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Cultural Similarities & Differences in Chile

January 22, 2014
by CEA MOJO

Globalization





What most surprised me about Chile was the abundant representation of globalization and the presence of numerous North American companies including: Walmart (Lider), Starbucks, MacDonalds, KFC, Taco Bell, Nestle, I mean even Chuck E. Cheese's is in Chile... I could go on. In fact, I think Nestle is more popular in Chile than in North America - Nestle sells a product for just about everything here! 

Another surprise was that the majority of movies were played in English here, the exception being cartoon films. It really surprised me because the English literacy rate is quite low in Chile. One study found that out of the 60 countries, Chile ranked 44 in the proficiency bracket and below Latin American nations such as Peru, Mexico, Uruguay, Costa Rica and Argentina. Although the English literacy has drastically improved since 2011 when in was mandated for grade 5 and above to begin English classes, English still isn't widely spoken here and I was astonished they didn't dub all films. Point being, don't worry you will still be able to find everything from Oreos to PB&J. 

Once: 

Meals are different in Chile - not so much Chilean food itself but more the time food is eaten is drastically different. In Chile, it's not popular to eat a full dinner like it is in the States. Lunch is the main meal of the day and is typically consumed around 2 p.m. Here, it's more customary to eat a large lunch followed by a small snack called once anywhere from 6-9 p.m. 

Once normally consists of some form of bread, jam, cake, cheese, or fruit. Popular drinks for once include coffee and tea. Once is a group endeavor, similar to "afternoon tea" in England. It's a time when everyone in the family gathers around the table and shares their day. It's also popular to eat a smaller helping of what you ever served at lunch for once. Once you accustomed to the change in rhythm and meal times you might even come to appreciate eating a larger lunch and small dinner time snack!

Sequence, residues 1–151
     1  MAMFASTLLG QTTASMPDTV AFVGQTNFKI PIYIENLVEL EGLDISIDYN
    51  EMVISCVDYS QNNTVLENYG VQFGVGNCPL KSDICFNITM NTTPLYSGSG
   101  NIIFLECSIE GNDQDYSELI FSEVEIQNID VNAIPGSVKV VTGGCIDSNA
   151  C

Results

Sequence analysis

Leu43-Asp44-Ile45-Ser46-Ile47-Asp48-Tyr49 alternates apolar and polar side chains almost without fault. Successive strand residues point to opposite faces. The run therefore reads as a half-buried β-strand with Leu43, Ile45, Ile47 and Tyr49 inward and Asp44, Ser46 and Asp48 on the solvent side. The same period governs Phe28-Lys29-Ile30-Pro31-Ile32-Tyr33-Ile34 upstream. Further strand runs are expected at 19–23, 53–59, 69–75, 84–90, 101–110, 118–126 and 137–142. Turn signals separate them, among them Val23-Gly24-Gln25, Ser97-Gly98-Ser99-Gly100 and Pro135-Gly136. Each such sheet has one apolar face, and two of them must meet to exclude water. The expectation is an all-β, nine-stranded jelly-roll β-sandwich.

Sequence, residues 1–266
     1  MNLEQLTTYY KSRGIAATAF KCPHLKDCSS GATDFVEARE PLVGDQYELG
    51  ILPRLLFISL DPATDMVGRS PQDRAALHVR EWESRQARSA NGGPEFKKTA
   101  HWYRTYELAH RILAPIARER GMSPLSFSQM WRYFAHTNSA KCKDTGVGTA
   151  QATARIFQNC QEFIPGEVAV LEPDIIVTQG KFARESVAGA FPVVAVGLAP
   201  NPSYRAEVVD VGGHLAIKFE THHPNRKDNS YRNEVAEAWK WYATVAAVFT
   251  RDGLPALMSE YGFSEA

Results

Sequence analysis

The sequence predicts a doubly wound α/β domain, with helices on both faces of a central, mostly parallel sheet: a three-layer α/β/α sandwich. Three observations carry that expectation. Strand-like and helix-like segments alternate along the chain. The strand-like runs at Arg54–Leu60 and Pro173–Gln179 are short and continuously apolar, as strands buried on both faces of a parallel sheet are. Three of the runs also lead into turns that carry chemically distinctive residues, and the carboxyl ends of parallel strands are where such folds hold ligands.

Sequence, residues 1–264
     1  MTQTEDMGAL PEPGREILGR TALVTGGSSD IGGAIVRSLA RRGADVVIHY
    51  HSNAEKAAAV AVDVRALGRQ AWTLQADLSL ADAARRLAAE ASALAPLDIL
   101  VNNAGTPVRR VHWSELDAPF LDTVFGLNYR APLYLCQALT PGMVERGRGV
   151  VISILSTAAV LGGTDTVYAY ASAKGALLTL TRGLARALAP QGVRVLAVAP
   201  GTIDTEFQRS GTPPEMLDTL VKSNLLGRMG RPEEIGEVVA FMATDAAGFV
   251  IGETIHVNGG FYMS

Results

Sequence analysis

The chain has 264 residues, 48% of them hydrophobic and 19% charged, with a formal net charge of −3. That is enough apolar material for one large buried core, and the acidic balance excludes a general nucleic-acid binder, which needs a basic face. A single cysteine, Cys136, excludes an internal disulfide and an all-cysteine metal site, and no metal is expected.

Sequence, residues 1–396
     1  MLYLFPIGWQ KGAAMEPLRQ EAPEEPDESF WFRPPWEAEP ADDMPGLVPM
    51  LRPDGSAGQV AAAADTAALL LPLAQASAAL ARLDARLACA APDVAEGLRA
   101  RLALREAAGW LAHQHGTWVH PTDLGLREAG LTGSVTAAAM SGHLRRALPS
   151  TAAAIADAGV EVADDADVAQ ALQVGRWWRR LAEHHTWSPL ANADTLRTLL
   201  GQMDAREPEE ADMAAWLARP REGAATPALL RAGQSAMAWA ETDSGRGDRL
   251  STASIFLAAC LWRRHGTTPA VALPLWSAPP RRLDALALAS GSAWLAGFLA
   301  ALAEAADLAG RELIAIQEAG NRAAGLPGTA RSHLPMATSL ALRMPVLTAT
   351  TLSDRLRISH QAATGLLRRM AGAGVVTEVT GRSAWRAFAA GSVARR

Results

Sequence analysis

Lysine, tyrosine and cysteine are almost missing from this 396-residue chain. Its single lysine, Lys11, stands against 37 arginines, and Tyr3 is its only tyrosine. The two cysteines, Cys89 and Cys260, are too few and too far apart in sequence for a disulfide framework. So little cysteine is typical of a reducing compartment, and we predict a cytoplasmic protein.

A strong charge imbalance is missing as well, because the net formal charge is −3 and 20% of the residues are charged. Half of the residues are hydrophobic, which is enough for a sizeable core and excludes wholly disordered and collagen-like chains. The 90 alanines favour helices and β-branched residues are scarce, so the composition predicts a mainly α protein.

Meeting & Greeting:



  1. For men a firm handshake and direct eye contact are the norm. If it’s a fellow classmate or close friend it’s usually followed by a pat on the back.
  2. For women a kiss on the right cheek is the general everyday greeting.
  3. Men and women exchange a kiss on the right cheek as the common greeting as well.

It’s common to greet everyone in the group individually, even if their are 20 people at the event you just arrived at you should greet each one of them in the respected way. Always address people by titles, if the title in unknown use señor or señora. Chilean culture has a great deal of respect for the elderly so you avoid at all costs disrespecting an elder.

     
     
    ¡Salud! Danielle Banks is the Fall 2013 CEA MOJO in Viña Del Mar, Chile. She is currently a senior at Texas A&M University.

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